“Some of our work this summer will surely get attention outside our church in the press and on the internet. Often these stories are told from a perspective that lacks attention to the great deal of reflection and prayer that go into making difficult decisions. Rarely does careful and prayerful consideration make good headlines or sound bites.”
How does someone go into a meeting with an open mind while also essentially saying his opinion will not change? Those two things are incompatible.
There is one way lesbian or gay Episcopalians in this diocese can get married in the Episcopal Church: They must physically leave the diocese and go somewhere else.
Same-sex couples in a diocese that has banned same-sex marriage, like this one, can be referred to another diocese that does allow same-sex marriage. I don’t find this to be acceptable or helpful.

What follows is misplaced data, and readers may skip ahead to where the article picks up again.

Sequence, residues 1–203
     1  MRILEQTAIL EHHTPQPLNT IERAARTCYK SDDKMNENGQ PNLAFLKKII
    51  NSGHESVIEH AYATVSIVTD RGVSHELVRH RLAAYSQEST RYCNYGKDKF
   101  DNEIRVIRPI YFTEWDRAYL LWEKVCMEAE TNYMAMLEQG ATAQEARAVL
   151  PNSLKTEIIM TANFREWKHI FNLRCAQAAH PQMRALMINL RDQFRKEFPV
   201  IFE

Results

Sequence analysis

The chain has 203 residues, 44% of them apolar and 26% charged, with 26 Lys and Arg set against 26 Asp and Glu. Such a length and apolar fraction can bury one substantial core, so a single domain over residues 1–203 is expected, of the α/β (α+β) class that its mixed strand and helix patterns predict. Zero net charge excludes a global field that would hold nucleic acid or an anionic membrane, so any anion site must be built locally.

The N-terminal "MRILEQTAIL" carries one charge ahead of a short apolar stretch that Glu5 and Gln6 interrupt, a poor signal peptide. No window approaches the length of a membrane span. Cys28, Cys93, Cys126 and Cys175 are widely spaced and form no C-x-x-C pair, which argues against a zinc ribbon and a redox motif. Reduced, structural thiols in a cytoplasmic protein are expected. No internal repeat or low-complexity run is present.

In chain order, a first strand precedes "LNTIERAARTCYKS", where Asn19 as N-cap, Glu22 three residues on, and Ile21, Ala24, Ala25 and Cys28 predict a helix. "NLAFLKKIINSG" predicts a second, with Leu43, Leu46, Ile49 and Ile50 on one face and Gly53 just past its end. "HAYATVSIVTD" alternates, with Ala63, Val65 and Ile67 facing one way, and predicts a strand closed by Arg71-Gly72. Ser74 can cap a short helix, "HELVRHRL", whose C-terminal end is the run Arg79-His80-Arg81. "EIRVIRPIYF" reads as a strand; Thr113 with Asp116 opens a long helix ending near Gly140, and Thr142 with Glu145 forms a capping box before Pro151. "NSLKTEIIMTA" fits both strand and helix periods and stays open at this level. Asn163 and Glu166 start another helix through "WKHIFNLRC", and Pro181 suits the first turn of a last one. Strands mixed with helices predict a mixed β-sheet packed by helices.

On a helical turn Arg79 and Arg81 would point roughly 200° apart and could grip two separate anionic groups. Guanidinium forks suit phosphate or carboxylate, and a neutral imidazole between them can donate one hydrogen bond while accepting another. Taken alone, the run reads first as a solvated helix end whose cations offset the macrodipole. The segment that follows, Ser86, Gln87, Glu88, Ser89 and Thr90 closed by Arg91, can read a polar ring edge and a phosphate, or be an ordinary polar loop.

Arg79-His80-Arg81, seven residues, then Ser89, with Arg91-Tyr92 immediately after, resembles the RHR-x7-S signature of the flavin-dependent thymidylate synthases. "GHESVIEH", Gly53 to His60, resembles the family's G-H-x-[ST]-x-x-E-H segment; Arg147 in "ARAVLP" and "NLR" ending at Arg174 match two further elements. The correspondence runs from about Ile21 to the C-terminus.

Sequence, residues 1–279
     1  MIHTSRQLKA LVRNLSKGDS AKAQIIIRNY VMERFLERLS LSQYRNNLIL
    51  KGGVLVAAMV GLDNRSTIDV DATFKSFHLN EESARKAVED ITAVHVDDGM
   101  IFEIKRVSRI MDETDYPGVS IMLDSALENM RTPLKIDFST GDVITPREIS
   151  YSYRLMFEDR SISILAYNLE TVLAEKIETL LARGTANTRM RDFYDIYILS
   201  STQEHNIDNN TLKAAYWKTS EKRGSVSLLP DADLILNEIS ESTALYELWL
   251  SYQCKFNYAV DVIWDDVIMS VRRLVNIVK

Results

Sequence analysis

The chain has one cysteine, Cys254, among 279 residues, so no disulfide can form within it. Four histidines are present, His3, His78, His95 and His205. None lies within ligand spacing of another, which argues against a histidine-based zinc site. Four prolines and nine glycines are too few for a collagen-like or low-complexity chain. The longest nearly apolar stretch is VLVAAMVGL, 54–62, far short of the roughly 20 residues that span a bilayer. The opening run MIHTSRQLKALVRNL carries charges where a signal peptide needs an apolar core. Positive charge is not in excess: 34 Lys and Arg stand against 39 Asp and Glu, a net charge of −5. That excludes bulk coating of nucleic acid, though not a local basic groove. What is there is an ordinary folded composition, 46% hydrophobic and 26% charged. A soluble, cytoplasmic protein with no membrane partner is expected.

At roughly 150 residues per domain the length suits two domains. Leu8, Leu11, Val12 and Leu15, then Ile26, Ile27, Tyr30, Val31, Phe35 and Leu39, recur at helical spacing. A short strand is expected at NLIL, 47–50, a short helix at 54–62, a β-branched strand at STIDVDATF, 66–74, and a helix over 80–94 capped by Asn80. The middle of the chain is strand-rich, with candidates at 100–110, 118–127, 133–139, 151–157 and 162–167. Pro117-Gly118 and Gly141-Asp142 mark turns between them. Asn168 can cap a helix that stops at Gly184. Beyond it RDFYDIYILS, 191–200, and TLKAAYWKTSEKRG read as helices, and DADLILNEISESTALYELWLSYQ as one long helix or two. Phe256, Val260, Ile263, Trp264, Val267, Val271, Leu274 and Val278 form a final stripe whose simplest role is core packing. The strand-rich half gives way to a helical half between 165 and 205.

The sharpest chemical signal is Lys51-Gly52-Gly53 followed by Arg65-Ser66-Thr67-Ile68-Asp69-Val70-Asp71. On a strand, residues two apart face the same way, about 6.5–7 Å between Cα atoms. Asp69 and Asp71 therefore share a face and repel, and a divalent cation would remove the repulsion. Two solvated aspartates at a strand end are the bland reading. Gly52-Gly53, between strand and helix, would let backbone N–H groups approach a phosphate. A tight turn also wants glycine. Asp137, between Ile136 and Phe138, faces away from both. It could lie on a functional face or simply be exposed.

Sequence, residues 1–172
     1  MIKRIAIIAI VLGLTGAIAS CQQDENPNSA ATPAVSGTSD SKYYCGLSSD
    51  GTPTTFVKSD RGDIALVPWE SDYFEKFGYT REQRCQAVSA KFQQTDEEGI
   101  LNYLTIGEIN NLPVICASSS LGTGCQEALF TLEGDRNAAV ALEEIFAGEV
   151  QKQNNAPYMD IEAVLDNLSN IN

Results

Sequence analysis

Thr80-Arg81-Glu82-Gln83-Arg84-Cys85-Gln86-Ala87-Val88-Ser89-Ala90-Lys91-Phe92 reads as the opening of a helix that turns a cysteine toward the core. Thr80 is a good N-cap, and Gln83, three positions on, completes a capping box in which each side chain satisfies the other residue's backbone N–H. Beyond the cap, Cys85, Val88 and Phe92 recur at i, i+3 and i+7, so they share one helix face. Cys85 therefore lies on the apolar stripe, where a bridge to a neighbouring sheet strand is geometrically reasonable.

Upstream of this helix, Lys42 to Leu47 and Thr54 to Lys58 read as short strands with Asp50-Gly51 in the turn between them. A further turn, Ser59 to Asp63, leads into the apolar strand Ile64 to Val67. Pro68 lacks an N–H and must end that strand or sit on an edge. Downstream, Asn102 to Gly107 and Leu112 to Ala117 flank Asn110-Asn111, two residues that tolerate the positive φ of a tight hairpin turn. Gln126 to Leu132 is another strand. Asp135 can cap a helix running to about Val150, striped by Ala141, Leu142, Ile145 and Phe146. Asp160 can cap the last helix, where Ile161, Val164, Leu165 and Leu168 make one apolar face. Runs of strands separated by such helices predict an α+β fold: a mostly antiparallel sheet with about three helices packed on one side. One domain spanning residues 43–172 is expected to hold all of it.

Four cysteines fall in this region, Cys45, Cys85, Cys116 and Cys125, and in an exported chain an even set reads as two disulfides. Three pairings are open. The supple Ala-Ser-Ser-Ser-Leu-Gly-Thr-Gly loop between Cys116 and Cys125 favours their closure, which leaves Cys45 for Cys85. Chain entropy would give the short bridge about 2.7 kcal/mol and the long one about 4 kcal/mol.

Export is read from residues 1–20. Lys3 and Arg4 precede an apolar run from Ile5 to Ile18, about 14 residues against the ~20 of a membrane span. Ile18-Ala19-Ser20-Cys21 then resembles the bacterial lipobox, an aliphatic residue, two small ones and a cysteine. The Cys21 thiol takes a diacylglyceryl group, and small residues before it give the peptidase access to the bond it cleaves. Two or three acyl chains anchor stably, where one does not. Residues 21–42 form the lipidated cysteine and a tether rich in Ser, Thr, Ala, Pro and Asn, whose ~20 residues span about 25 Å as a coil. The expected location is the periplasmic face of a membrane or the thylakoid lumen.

Why would I want to have a random priest to marry us? If a priest or minister is going to be the officiant, I’d want someone who knows us. And why should I be relegated to certain physical locations and venue options solely because I’m marrying someone who happens to also be a man? Also, isn’t this option likely more costly?
It’s funny: conservative Christian pastors love to talk about how they fear being “forced” to perform a same-sex marriage. Yet, in this case, priests who would love to perform same-sex marriages are being forced not to in these non-affirming dioceses. They’re actively being hindered from fully proclaiming Christ’s love to all people.